Most of the exhibition shows her paintings of lone heads and full-length portrayals; the subjects include black and white babies, sex workers, celebrities and terrorists.  The subjects gaze at us and we gawp back, the intensity of the work is in the space between her paintings and us as viewers. She confidently gives us just enough anatomical accuracy to create the illusion of a human body. Usually this appeal to the imagination to complete a painting is what makes the work so available for speaking about human and social concerns. For me, however, this fails when Dumas becomes too didactic as in the diptych Great Britain 1995-7. The portraits of Lady Diana and Naomi Campbell are presented as a dialogue about class, style, race and femininity but I could not get past the clumsiness of the Diana figure to contemplate those themes.
Knowing that she does not make preparatory drawings and often works on the floor, helps us appreciate how she engages her own body in the creation of bodies of others. Dumas’ paint is very diluted and her approach spontaneous; surfaces are often rubbed away and over-painted; there are wonderful effects of pooling and edges meeting. In the later more overtly political paintings, those dealing with Israel and Palestine and apartheid in South Africa, this freedom with paint feels more throwaway. It is not elegant in its simplicity like the ink wash heads, it is  almost scruffy, rushed, as if she cannot quite stay with the subject matter for long enough.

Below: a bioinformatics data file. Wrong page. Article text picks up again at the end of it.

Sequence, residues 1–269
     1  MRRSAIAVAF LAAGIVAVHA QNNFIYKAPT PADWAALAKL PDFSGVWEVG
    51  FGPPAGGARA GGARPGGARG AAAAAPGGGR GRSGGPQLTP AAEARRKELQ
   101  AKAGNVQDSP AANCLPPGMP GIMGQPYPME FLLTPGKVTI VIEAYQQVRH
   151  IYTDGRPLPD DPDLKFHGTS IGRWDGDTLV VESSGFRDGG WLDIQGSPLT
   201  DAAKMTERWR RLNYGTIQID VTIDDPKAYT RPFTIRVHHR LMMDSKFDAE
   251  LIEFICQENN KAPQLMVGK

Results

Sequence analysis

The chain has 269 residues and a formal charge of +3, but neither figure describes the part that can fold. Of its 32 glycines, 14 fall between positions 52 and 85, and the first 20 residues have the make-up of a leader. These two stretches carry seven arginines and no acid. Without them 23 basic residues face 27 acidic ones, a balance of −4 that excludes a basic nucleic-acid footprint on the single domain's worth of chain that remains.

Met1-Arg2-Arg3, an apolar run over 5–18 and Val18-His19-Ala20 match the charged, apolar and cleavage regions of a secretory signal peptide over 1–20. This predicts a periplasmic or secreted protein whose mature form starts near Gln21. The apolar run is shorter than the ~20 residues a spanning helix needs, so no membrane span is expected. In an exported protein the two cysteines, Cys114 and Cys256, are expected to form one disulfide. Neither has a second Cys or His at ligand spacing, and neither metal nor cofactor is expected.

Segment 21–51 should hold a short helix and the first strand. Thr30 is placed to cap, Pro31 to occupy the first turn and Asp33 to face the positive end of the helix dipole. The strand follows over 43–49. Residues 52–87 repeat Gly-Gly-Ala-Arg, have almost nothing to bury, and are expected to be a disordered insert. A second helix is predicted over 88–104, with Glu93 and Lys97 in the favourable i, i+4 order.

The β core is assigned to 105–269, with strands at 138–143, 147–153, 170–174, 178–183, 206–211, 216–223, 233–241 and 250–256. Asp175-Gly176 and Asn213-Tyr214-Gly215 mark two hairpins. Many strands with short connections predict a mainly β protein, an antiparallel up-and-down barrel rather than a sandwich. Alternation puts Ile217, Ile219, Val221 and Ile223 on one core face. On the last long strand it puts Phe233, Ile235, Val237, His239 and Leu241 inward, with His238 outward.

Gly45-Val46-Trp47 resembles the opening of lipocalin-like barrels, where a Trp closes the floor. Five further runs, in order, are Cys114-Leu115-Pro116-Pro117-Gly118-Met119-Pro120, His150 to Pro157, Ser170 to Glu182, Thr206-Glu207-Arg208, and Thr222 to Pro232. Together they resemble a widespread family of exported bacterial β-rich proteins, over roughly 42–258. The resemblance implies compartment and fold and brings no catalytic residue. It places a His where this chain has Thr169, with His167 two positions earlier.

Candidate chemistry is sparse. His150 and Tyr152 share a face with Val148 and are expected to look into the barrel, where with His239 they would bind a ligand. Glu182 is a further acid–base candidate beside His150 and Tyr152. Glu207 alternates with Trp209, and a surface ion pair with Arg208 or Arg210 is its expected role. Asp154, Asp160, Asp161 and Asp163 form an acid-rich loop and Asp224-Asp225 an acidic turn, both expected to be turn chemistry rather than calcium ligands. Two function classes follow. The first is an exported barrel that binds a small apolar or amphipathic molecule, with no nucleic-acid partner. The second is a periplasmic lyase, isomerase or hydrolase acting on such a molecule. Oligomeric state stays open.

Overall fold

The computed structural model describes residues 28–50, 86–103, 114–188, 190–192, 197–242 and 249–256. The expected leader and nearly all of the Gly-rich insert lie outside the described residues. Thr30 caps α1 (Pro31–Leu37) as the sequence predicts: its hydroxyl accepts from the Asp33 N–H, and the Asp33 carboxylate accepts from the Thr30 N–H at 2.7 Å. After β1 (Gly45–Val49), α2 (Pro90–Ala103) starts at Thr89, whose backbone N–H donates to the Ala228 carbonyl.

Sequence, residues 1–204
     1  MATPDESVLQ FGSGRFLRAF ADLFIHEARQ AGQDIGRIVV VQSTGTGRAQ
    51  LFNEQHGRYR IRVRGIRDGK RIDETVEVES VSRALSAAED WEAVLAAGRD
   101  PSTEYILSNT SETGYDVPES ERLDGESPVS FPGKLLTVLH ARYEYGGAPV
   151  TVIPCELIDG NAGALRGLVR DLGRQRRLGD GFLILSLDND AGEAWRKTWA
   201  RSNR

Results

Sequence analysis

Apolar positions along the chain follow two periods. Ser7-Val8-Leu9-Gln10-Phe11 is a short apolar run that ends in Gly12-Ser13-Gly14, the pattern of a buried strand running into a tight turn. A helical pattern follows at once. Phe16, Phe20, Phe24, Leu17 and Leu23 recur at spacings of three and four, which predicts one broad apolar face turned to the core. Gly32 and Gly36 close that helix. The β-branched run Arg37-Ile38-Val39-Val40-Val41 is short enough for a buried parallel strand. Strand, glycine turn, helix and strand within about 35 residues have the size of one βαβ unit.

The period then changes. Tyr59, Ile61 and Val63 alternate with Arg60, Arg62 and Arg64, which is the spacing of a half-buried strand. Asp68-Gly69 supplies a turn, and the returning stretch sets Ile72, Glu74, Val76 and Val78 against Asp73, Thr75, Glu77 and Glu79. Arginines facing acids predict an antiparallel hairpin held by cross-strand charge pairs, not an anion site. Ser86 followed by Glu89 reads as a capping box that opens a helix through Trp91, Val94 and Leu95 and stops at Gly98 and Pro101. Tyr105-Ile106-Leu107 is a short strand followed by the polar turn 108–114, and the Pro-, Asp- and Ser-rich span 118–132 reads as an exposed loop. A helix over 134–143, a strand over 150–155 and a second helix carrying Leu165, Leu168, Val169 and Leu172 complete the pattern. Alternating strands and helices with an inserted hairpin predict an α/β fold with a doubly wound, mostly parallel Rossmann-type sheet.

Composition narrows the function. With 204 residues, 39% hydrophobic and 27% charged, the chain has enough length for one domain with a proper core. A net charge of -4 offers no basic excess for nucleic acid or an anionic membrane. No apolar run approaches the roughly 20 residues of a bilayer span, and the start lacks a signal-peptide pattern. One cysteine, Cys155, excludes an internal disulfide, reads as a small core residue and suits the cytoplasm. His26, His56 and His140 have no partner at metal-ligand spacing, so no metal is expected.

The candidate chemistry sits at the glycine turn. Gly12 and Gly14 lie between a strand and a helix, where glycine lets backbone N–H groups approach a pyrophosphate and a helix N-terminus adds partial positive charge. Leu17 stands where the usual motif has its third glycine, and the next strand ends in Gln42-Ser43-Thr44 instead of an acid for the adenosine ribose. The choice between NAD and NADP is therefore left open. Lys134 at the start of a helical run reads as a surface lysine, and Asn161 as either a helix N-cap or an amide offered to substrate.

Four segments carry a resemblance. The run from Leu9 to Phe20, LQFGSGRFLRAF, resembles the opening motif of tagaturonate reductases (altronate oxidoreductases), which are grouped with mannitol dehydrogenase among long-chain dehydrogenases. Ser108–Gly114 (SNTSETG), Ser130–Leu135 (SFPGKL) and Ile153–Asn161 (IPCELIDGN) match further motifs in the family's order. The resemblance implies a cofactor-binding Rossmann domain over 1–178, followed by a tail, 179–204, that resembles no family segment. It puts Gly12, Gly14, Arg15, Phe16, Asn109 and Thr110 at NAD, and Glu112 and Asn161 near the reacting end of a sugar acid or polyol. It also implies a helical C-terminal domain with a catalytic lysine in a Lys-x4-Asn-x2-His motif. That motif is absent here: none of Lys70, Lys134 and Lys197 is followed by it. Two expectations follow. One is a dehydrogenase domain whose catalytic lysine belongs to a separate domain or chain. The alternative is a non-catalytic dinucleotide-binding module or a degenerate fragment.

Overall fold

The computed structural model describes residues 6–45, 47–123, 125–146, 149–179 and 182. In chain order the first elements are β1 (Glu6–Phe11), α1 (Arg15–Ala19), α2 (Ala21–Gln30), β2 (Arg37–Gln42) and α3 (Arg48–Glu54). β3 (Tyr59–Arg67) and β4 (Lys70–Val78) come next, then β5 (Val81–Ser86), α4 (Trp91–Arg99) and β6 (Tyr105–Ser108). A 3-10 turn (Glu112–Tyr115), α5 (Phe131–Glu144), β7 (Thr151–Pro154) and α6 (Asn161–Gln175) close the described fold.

See Marlene Dumas working in her studio in an extract from the documentary Miss Interpreted;

Posted by author: Angela Rogers
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7 thoughts on “Too Spontaneous?

  • These are my thoughts on Great Britain. I agree it is an uneasy combination but I can see some relevancy.
    Naomi Campbell gazes threateningly toward the viewer, like many of the other faces and portraits, Princess Diana is Gazing at Naomi. The viewer completes a circular movement that is generated here. The viewer occupies the art space as with many of Dumas’ works. Diana’s gaze is also very submissive toward the viewer and unlike Royal portraiture of the style of C18 that this has, she allows the viewer’s gaze to possess her rather than a typically regal pose.